As Iran counts the cost of the most violent protests in four decades of Islamic rule, many Iranians have been left asking what happened. In a week of clashes hundreds of thousands of Iranians frustrated with months of economic hardship, unemployment and then a sudden jump in fuel prices, poured on to the street across the country. Seemingly leaderless and drawn largely from Iran’s unemployed working classes, the men and women voiced a shared sense of hopelessness among Iranians. They chanted anti-regime slogans and then some attacked banks, petrol stations and government buildings.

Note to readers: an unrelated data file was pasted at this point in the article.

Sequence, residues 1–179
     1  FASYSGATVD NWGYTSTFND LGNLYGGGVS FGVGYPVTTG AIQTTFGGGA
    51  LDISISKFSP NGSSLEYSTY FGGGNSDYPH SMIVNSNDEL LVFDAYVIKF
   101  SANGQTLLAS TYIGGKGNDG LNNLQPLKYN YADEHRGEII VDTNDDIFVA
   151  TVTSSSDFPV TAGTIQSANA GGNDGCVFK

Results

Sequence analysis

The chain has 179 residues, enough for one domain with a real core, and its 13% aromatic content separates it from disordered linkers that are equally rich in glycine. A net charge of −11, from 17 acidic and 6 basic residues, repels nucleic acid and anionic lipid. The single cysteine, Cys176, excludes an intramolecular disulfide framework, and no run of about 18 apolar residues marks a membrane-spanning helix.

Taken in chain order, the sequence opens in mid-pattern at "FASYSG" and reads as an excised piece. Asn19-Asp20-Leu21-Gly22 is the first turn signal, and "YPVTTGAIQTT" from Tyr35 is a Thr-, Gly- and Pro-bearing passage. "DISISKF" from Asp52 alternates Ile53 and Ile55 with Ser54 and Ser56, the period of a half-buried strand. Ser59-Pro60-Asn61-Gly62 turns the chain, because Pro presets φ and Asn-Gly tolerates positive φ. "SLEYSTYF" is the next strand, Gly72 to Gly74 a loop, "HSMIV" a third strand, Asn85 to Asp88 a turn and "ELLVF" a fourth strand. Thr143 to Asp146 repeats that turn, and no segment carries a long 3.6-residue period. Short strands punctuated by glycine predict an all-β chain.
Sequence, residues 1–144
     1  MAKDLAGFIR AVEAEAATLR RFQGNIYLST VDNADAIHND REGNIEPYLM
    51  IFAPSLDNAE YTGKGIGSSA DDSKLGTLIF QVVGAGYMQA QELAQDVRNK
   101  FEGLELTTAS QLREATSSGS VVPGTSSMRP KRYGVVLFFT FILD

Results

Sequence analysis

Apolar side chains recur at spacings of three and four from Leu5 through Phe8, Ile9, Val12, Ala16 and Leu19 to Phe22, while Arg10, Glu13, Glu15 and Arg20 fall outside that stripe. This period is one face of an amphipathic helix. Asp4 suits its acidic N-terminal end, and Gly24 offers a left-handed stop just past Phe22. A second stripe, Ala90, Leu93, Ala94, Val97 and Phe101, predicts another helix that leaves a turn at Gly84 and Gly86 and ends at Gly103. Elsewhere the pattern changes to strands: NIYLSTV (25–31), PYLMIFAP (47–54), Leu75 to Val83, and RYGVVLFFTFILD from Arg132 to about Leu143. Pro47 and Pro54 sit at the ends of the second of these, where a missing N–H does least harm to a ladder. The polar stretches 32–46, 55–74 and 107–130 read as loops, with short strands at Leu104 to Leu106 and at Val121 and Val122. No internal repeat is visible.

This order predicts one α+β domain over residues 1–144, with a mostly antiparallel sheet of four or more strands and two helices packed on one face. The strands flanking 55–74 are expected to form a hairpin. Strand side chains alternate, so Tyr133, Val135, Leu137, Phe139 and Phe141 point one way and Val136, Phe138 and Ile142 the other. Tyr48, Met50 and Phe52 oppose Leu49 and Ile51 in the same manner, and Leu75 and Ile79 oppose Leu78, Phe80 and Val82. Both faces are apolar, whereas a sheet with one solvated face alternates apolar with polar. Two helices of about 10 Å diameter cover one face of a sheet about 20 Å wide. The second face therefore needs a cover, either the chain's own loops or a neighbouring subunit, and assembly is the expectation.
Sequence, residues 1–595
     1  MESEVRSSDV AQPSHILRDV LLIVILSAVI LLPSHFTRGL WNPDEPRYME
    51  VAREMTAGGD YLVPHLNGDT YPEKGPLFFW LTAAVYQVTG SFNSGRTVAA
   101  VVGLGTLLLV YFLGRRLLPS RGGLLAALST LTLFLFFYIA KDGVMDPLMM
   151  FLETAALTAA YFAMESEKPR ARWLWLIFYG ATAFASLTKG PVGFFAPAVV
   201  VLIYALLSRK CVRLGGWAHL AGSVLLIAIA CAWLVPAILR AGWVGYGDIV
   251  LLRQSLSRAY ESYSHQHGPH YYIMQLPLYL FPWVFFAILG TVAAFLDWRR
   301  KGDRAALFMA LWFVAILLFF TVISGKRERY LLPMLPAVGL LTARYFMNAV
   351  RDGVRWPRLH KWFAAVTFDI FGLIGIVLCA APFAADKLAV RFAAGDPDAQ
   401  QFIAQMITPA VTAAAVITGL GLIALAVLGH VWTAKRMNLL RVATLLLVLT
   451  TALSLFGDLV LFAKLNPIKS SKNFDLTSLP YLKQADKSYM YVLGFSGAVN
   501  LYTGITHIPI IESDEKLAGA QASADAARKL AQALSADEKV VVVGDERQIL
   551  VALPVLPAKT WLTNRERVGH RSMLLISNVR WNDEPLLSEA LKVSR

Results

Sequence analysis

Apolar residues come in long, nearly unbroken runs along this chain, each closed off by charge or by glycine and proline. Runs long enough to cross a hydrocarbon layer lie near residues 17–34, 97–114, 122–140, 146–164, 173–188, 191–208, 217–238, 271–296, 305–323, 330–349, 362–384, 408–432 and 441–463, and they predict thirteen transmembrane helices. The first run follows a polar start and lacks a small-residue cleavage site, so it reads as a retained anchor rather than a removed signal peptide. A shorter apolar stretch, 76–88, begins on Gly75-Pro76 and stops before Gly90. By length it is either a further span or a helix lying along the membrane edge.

The state responded with a brutal security crackdown, sending armed officers to confront the crowds and shutting down internet access for five days. When the smoke settled and the information blackout was lifted, Amnesty International said at least 161 people had been killed across 10 provinces, many shot with live rounds.
Iran has experienced periods of civil unrest before: the Green Movement of 2009 and, more recently, protests in 2017 and 2018. But eyewitnesses said the latest demonstrations quickly became riots that were more violent than anything Iran had experienced since its revolution in 1979. “They were like a gang, marching in the streets with faces covered destroying specific targets like banks,” said Hamed, a theatre actor who lives in the town of Fardis in west Tehran, a hotspot during the violence.